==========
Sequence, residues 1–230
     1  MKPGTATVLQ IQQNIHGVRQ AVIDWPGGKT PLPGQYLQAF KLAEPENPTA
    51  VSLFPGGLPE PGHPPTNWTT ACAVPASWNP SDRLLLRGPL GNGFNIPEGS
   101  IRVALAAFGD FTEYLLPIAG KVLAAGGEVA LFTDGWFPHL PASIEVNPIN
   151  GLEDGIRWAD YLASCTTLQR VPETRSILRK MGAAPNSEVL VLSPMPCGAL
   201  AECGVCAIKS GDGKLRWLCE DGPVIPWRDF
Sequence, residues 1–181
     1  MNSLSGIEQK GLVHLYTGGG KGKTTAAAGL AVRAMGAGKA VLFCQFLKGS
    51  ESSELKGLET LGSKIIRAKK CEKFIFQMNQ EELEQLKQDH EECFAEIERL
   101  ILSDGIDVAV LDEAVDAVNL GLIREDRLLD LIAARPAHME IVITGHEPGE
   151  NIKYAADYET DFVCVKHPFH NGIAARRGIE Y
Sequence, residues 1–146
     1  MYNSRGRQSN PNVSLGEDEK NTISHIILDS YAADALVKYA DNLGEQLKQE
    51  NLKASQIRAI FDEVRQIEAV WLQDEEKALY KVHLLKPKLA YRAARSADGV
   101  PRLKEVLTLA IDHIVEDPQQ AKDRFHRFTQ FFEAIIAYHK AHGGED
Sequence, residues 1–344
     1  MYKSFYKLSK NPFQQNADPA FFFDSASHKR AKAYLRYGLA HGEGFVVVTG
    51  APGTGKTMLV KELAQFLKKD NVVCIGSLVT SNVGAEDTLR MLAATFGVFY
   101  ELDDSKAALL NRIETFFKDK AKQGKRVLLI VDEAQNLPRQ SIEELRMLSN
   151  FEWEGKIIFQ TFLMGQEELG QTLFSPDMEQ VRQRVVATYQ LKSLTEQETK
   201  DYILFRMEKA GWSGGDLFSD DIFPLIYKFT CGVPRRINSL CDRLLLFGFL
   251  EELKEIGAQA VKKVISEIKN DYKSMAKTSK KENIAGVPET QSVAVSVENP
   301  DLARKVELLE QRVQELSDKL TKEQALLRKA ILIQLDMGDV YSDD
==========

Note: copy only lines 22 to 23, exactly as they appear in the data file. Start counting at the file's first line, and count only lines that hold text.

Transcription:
   251  EELKEIGAQA VKKVISEIKN DYKSMAKTSK KENIAGVPET QSVAVSVENP
   301  DLARKVELLE QRVQELSDKL TKEQALLRKA ILIQLDMGDV YSDD